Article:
The threads are filling up with stories of unexpected bills arriving from HMRC.
Whilst there is no substitute for getting proper advice that suits your own circumstances, the following general description may help reduce the shock.
However if you have an accountant - ask her/him for help. If you don't then Google is your friend.
You could ask the promoter of the scheme you used for help, but bear in mind that they may be neither personal tax specialists nor be acting just for you.
Chances are you have a discovery assessment. The letter will mention section 29 TMA 1970. HMRC issue these where they consider a liability has arisen and they are too late to open an enquiry The time limit is 4 years from the end of the year of assessment. Hence 2012/13 assessments are being issued now, before the end of this tax year.
What is or is not a discovery is a long and complicated answer that I'm not going to cover here. Suffice to say that HMRC uses them as a blunt instrument, claiming that they have universal application. That is just not true.
What can you do about them?
You can make an appeal and have the tax postponed whilst you agree the actual liability.
You MUST do this within 30 days. The letter that came with the assessment will tell you how to do this.
Then what happens?
You have to agree the liability with HMRC.
You have 3 choices.
1. Accept HMRC's view of the liability which is basically any loans you received are income subject to tax and NIC and that some of the fees you paid to the promoter may also be seen as taxable income.
2. Litigate. You can go to Tribunal and mount a challenge to HMRC's view. Best done in a group as costs can be high. You will need to find a group and usually these are collated around particular advisers. It depends on the scheme used as to which adviser is best placed to do this. Ask the promoter if they know of any groups. If there is no group - start one.
3. Settlement via discussions. Most advisers will be able to speak with HMRC and make some progress towards a settlement. Be under no illusions here though. HMRC is playing hard ball and achieving reductions based on doing nothing with the arrangements, is unlikely to see any discount to the tax/NIC being asked for. The adviser will however be able to check your personal circumstances and make adjustments as required. Some have plans that may or may not result in a reduction of the bill. None of those plans is a guarantee of a reduced bill. You need to evaluate them with a cynical mind.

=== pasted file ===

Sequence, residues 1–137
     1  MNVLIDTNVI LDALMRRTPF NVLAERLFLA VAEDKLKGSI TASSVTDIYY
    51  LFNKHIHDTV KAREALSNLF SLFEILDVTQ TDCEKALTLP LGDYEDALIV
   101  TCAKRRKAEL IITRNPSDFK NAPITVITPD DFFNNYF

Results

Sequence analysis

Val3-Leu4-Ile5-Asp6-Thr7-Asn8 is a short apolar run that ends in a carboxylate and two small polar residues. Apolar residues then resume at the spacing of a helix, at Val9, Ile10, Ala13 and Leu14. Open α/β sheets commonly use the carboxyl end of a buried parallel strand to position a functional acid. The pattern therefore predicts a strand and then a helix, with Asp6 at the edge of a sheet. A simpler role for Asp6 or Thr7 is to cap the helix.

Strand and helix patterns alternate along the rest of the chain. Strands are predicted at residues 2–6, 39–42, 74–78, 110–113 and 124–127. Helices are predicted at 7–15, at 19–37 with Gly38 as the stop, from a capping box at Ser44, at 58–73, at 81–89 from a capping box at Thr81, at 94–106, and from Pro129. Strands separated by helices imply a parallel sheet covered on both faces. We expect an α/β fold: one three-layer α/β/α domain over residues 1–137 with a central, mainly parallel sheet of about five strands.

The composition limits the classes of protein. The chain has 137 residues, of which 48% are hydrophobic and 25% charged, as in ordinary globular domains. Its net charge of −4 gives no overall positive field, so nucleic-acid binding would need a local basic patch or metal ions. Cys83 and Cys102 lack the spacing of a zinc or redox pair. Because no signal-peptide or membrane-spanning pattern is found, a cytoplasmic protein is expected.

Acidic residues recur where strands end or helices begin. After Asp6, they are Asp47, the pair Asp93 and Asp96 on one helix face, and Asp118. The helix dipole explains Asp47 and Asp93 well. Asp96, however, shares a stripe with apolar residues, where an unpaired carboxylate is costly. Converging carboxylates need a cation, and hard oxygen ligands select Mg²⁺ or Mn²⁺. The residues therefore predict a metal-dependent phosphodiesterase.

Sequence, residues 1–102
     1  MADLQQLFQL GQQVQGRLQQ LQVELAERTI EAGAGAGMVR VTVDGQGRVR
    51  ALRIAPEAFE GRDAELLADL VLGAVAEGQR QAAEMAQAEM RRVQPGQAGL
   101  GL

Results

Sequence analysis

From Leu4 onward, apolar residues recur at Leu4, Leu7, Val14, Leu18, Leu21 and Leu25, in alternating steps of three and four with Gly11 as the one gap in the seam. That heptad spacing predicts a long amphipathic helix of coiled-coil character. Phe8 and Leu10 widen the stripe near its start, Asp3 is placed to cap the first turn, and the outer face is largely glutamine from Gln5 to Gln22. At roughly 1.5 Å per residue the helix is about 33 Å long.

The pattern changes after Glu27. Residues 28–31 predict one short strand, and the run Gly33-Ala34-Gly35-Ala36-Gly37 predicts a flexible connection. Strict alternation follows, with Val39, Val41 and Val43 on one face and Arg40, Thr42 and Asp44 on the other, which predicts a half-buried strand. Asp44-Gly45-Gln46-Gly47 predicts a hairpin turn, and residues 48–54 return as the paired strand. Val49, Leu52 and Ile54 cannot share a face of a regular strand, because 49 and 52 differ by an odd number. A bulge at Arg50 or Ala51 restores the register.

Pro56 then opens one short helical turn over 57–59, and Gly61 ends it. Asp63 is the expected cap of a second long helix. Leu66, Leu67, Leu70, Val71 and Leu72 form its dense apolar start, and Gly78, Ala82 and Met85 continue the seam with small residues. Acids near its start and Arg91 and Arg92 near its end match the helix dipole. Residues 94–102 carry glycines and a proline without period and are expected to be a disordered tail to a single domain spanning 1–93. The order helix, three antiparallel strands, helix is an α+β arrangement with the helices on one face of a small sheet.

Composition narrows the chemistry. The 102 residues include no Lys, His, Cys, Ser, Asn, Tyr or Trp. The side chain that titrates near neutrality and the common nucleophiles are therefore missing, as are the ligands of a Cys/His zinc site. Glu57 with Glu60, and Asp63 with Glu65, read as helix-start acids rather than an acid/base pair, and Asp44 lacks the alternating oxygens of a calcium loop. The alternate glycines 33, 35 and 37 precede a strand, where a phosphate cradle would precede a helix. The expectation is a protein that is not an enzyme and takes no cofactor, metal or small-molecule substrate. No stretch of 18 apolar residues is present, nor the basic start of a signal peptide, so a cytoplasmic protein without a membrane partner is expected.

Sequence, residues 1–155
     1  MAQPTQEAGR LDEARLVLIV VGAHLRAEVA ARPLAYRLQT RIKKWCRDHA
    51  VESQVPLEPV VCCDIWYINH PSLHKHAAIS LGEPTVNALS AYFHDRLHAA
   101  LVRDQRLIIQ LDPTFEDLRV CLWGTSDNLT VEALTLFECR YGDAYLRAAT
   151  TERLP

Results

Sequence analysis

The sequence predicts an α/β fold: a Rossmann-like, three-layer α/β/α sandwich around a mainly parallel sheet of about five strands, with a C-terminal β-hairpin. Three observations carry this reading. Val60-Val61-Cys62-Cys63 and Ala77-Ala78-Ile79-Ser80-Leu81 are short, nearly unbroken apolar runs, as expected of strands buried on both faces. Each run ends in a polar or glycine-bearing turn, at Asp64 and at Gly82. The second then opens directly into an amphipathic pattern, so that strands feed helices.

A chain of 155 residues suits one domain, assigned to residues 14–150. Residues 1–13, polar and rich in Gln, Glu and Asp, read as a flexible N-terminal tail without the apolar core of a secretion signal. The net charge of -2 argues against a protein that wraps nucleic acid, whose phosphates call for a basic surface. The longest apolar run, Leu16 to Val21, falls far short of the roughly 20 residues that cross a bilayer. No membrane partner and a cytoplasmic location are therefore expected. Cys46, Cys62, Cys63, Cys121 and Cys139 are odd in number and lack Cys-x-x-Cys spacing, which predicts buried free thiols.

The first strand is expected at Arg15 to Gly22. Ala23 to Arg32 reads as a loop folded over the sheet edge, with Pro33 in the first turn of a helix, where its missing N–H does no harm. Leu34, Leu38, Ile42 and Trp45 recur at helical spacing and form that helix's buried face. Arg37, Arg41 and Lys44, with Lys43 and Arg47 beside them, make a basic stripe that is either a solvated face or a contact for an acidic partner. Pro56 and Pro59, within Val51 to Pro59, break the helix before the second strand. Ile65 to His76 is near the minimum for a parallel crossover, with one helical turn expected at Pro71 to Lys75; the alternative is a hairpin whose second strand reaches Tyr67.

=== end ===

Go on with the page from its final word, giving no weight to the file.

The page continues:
If I appeal and sit tight, what then?
HMRC has introduced a sweep up tax charge in 2019. Basically if you have loans from a disguised remuneration scheme that are not repaid by 5/4/19, HMRC will add the balance to your income and tax you.
And yes, they will know in the majority of cases what the loan balance is and if they don't they will ask you. As a rule, never lie to HMRC. That is just not sensible.
Understood - what do I do?
I'm sure people will be along here pointing out my connection with a firm that advises in this area. This is true.
There are others and a few minutes on Google will show them to you.
The first steps mentioned above - appeal and postpone tax - can be done by following the instructions in the HMRC letter and will cost you nothing. Only if you want to go on and understand and deal with the agreement of liability etc as described above, would you need advice.
Remember that HMRC would be happy to "help". Whilst I have a view on the ability of the person you might get through to on the phone to understand the position and offer unbiased help, they are there and they work for free.
Read the whole letter.
Make an appeal and postponement application.